In another apparent twist at the top of Iran’s Revolutionary Guards, the New York Times claimed Wednesday that Brigadier-General Ali Naseri was arrested a month ago.

The Times was vague on Naseri’s position in the Guards (IRGC) and how it related to the removal last week of Hossein Ta’eb, the Guards (IRGC) intelligence chief, in the face of disquiet in senior circles over Iran’s response to a covert Israeli campaign.

Iran International has reported disquiet among top ranks over intelligence failures demonstrated by the May 22 assassination of IRGC Quds (Qods) Force colonel Hassan Sayyad in Tehran, while state media has also implied that the deaths of two aeronautical staff in late May and early June were suspicious.

The New York Times quoted Keren Hajioff, senior advisor to Israeli prime minister Naftali Bennett, that Israel was following a “new tactic” based on Bennett’s ‘Octopus Doctrine.’ The advisor said: “Now we go straight for the head,” instead of IRGC’s proxies in the region such as the Lebanese Hezbollah.

The paper cited an unnamed Israeli official that “part of the strategy entailed exposing failures by the Revolutionary Guards in their covert war with Israel in the hope that it would create conflict between political leaders and the defense and intelligence establishment.” Rivalries within the IRGC – with Esmail Ghaani (Qaani), head of the IRGC extraterritorial Qods Force, and Esmail Khatib, intelligence minister, critical of Ta’eb – would suit the Israelis’ approach.

An undated photo of Ali Nasiri, said to have been recently arrested

The Times described Naseri as “a senior commander in the Revolutionary Guards’ Protection of Information Unit, tasked with oversight and supervision of the organization’s work,” although the paper sourced this to an April 21 2019 story from Radio Farda that Naseri had been replaced in that position. The Iranian Students News Agency also reported at the time that Naseri had been removed.

‘Criminal media networks’

Two months later, on June 11, 2019, IRGC spokesman Ramezan Sharif addressed what he called rumors of the arrests or fleeing of commanders. These were efforts by Iran’s enemies to cause disruption through “criminal social media networks and media.”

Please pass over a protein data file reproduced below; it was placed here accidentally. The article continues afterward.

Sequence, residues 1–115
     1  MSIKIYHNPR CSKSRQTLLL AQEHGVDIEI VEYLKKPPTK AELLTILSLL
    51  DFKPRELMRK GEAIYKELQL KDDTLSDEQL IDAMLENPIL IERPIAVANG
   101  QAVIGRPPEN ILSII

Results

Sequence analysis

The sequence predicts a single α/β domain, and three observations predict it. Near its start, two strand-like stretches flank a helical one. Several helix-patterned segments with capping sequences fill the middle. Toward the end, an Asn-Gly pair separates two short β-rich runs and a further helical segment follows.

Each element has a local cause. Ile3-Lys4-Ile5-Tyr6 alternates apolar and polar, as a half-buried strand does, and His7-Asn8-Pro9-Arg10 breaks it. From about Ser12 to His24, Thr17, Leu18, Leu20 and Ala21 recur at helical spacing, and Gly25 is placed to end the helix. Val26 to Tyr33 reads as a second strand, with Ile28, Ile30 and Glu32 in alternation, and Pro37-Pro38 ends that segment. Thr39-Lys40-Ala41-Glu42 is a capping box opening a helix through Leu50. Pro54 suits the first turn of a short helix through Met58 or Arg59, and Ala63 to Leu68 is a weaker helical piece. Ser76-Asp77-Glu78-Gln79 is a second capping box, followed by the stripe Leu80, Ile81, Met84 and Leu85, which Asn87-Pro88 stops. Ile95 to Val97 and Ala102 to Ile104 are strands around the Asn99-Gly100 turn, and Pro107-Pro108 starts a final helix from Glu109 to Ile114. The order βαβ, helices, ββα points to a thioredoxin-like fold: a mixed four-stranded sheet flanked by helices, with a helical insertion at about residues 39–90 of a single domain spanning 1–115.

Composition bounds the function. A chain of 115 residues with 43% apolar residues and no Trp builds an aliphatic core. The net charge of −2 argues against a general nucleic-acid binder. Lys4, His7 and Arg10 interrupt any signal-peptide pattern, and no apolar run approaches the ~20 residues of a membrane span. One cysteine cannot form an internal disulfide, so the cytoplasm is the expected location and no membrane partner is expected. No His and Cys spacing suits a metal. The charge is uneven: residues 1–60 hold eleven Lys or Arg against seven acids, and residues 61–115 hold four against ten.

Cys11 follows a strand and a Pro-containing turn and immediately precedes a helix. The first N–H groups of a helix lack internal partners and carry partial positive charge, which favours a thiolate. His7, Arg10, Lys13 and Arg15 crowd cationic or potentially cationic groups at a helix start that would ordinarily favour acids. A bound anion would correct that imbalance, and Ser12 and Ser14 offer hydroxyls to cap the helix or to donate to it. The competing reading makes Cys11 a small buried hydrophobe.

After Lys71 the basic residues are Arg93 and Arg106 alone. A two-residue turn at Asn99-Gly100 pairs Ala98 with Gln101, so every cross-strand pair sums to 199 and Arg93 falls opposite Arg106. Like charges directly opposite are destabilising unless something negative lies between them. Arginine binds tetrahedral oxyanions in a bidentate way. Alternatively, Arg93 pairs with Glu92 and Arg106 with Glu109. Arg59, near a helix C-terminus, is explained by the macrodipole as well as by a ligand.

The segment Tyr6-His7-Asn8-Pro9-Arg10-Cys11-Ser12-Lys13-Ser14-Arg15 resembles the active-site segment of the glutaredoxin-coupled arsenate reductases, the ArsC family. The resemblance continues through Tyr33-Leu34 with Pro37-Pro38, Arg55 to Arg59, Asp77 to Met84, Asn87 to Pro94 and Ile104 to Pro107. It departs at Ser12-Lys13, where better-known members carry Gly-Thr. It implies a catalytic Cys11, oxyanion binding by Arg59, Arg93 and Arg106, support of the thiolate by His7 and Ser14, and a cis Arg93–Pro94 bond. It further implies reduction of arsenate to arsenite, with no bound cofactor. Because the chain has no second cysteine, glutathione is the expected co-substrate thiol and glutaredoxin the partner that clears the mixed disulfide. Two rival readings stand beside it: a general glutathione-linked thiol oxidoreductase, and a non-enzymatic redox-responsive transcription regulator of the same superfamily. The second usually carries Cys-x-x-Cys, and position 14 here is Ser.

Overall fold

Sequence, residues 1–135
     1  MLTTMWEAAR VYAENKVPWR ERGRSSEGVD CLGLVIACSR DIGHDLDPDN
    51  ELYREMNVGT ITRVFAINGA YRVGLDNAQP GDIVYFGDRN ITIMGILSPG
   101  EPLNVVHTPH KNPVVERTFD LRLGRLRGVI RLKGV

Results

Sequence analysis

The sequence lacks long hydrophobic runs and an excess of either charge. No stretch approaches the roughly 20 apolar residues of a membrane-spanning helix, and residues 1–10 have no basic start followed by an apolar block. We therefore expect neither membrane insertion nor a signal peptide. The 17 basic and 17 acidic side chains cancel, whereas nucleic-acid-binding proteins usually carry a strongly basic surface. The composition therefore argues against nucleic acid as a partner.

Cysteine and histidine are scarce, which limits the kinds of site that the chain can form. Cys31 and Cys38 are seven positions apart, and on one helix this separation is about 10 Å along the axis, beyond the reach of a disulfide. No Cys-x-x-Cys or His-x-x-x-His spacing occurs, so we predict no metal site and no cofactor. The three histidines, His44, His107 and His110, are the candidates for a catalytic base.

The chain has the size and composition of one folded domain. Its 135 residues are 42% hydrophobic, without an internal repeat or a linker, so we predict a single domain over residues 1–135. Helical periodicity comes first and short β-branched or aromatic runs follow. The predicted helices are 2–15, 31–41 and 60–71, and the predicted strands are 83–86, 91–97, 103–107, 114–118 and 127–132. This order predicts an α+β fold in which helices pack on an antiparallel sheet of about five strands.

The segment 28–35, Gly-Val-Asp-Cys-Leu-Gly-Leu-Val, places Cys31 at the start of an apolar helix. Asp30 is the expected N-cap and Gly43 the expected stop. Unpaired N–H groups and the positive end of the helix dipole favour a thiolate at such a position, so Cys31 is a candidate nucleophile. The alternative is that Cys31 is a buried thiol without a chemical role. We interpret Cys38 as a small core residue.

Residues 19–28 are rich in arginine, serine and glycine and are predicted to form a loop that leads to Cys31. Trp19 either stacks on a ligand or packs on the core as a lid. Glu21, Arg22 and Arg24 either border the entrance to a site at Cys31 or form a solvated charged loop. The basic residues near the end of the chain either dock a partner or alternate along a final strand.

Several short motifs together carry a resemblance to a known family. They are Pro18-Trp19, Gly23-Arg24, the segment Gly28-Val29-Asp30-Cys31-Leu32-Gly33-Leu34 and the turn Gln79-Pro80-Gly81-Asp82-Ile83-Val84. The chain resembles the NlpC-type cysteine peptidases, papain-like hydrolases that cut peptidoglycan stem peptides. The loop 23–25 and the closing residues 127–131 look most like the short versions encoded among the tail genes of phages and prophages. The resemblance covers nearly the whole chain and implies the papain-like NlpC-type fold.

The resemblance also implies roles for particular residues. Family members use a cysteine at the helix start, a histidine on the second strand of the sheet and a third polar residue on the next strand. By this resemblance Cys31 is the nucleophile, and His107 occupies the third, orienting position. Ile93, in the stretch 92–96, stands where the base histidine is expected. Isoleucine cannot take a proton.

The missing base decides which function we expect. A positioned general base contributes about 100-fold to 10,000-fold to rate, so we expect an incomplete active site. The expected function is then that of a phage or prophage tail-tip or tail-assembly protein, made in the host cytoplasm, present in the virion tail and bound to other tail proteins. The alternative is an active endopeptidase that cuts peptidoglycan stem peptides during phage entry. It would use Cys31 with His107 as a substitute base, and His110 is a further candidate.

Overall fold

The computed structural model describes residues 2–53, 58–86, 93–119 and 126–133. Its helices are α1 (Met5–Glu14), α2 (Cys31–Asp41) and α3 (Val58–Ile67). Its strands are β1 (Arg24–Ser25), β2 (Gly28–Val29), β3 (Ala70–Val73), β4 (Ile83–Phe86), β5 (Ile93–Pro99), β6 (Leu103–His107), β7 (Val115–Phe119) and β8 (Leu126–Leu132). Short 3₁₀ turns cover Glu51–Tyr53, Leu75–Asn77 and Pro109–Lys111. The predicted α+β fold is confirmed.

Sharif insisted that three individuals named in various websites – taken to mean Naseri, Mohammad Tavalaee, and Mostafa Rabiee – were “active in new positions” and were “seriously performing in their missions and carrying out their duties,” with some of their public appearances reported in Iranian media.

There had been suggestions at the time that Naseri had fled the country, with the Washington Free Beacon claiming he had defected to an Arab state in the Persian Gulf taking with him secret documents.

The 2019 reports of Naseri’s dismissal came the day before Supreme Leader Ali Khamenei appointed General Hossein Salami as overall commander of the IRGC and two weeks after then US president Donald Trump added the IRGC to the US list of ‘foreign terrorist organizations.’

It remains unclear what position Naseri occupied prior to his recent alleged report. If he had been replaced in 2019, how he could have been trusted with another sensitive post?

So far, three key IRGC intelligence and security figures have been replaced and Ta’eb’s ally, parliament speaker Mohammad Bagher Ghalibaf is being attacked by some hardliners for corruption, an allegation widely believed to be true among Iranian observers who have followed him through his military and political career.

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